There are two additional important points, however. First, all new drivers that have emerged have been supportive for gold prices, none of them had a negative price impact. This makes intuitive sense, as unconventional monetary policy is an attempt by central banks to get the same effect of a rate cut without cutting rates. And second, QE (as well as further unconventional forms of monetary easing) is a one-way road. Initially, when QE was introduced, economists argued that, once credit markets are repaired and the economy is back on track, central banks would be able to withdraw this additional money from the system. Today, not even central bankers themselves talk about this. The dance between the FED and the markets over the past two years was entirely focused on potential rate hikes. Nobody still expects that the FED is going to sell the assets on its balance sheets back into the market. The most hawkish scenario is that the FED simply doesn’t replace bonds as they mature.

This means that once the QE genie is out of the bottle it cannot be put back. All else equal (real-interest rates, central bank gold holdings and longer-dated energy prices), gold prices are going to remain permanently higher. Real interest rates and high energy prices alone wouldn’t have been able to push gold to USD1900/ozt, that required QE. And, as longer-dated energy prices corrected sharply lower and real-interest rates recovered sharply higher between 2012 and 2015, gold prices declined but never fell back to the same levels of a non-QE world again. QE had set the floor higher. Importantly, any further unconventional forms of easing shouldn’t be any different. If central banks ever deploy so called helicopter money, widely and openly discussed of late, they won’t be able to reverse that either. Hence, whatever new form of unconventional monetary policy central bankers come up with, it can only be supportive for gold prices.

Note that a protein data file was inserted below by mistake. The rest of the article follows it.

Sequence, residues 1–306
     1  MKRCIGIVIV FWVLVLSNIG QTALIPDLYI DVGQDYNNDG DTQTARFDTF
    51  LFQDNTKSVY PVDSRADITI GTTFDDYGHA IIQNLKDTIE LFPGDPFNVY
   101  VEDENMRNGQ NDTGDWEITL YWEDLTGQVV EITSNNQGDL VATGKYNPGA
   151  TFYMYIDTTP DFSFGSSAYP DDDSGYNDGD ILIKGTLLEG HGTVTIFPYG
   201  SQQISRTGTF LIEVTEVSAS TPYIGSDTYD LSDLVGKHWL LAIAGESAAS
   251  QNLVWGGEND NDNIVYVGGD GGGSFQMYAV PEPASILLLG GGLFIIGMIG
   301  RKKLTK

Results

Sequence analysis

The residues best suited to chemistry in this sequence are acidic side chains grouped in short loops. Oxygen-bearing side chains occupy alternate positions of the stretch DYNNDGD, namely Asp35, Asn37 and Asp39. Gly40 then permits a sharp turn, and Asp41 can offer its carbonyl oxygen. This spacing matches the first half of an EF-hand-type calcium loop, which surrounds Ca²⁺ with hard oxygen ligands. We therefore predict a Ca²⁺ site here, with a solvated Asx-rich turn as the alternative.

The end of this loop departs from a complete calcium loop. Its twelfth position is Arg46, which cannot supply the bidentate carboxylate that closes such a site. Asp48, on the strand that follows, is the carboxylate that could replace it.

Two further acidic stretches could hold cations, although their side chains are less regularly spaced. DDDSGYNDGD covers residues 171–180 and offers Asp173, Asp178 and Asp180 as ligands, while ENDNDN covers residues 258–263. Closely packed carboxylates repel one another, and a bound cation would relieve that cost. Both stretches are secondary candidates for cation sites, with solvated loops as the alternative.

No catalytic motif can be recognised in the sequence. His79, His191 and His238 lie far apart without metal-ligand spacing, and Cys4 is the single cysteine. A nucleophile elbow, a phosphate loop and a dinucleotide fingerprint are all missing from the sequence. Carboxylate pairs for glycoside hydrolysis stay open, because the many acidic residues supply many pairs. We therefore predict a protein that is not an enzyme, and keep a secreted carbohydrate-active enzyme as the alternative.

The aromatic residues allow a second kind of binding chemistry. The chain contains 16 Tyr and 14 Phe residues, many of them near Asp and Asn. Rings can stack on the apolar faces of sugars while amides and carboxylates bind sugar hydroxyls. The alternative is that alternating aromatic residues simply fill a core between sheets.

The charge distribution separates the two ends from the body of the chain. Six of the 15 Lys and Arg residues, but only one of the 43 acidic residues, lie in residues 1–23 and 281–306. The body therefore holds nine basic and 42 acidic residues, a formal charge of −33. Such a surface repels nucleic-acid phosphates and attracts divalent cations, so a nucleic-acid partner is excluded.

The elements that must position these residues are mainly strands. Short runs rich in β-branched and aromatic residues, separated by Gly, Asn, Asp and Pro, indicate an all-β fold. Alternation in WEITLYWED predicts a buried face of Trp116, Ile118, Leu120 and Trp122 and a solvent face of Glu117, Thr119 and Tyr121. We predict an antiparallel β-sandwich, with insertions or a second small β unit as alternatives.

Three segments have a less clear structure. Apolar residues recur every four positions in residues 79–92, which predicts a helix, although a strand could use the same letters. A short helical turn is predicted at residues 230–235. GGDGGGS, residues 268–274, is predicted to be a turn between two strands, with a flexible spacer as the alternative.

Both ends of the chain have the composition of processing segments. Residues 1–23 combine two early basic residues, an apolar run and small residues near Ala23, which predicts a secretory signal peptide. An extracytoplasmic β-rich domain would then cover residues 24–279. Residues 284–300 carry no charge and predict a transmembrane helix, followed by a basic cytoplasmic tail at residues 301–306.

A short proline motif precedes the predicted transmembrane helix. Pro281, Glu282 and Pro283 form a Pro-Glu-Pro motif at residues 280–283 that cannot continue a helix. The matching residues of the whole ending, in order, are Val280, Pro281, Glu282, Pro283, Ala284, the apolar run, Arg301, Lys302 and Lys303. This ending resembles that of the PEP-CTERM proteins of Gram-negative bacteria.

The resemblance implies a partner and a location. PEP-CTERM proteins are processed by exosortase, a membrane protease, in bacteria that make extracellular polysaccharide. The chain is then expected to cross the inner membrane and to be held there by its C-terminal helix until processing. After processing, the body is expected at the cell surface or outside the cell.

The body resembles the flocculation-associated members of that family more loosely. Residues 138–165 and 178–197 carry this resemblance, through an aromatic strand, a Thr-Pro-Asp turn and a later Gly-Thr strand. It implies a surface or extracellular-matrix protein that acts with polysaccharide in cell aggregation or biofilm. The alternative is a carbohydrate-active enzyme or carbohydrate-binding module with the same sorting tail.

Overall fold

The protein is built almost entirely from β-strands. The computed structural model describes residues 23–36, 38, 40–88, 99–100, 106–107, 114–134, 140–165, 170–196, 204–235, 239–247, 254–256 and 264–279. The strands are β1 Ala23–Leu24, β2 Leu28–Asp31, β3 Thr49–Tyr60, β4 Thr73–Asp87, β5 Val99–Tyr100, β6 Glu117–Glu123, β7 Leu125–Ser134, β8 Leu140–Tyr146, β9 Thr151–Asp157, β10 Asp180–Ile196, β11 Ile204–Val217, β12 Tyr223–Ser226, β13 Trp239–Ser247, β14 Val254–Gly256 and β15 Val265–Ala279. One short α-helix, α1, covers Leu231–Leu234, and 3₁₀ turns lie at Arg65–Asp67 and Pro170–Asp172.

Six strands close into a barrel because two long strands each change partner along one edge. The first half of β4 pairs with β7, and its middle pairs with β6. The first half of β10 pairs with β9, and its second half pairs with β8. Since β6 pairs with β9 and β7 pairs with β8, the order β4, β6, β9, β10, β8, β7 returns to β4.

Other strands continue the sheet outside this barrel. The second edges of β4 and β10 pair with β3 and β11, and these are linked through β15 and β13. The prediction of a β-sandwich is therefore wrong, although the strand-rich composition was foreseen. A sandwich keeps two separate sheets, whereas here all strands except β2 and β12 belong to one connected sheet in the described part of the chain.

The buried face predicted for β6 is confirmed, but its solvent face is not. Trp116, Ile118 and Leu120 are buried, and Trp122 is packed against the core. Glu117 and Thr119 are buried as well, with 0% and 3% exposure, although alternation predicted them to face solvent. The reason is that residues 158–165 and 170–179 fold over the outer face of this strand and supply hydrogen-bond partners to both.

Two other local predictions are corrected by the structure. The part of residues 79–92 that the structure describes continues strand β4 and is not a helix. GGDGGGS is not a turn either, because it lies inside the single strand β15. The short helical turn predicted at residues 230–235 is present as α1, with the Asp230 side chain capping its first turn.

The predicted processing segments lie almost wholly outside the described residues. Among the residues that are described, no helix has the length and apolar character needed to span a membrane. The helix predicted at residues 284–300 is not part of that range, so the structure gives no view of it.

On net, while there is room for more downside for gold prices if either long-dated oil prices decline again or real interest rates move higher, should the FED surprise markets with multiple rate hikes, the bearish effects on gold prices from oil and rates are most likely behind us. The recent months, have certainly cast doubt over the prevailing market view. In our view, lower rates are just as likely as higher at this point. That doesn’t mean that the FED cannot raise rates in the near term, but the room for maneuverability is severely limited. The path for gold from here thus becomes increasingly asymmetric.